Malaysian ‘tribunal’ finds Bush, Blair guilty of war crimes
A symbolic tribunal in Malaysia ruled unanimously Tuesday that former U.S. President George W. Bush and former British Prime Minister Tony Blair were both guilty of “crimes against peace” for the 2003 invasion of Iraq.
The Kuala Lumpur War Crimes Tribunal, part of an initiative by former Malaysian premier Mahathir Mohamad – a fierce critic of the Iraq war – found the former leaders guilty after a four-day hearing.
“War criminals have to be dealt with — convict Bush and Blair as charged,” a statement from Mahathir’s Perdana Global Peace Foundation said. “A guilty verdict will serve as a notice to the world that war criminals may run but can never ultimately hide from truth and justice.”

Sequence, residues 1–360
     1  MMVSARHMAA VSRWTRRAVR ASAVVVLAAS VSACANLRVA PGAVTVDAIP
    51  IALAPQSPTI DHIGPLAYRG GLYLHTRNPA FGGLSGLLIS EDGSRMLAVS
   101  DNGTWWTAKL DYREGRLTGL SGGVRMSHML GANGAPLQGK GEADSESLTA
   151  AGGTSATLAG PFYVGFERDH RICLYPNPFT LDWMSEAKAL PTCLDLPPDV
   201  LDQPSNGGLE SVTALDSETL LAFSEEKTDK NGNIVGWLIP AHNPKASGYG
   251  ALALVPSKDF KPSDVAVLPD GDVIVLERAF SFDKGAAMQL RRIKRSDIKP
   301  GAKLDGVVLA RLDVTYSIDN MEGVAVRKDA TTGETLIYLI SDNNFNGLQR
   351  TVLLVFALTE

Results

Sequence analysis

Mahathir, who stepped down in 2003 after 22 years in power, unveiled plans for the tribunal in 2007 just before he condemned Bush and Blair as “child killers” and “war criminals” at the launch of an annual anti-war conference.
A seven-member panel chaired by former Malaysian Federal Court judge Abdul Kadir Sulaiman presided over the trial, which began last Saturday, and both Bush and Blair were tried in absentia.
“The evidence showed that the drums of wars were being beaten long before the invasion. The accused in their own memoirs have admitted their own intention to invade Iraq regardless of international law,” it said.
Next week, the Kuala Lumpur War Crimes Tribunal is expected to consider torture charges against former U.S.Vice President Dick Cheney, former U.S. Defense Secretary Donald Rumsfeld and former U.S. Attorney General Alberto Gonzales.
Watch this video from PressTV, broadcast Nov. 22, 2011.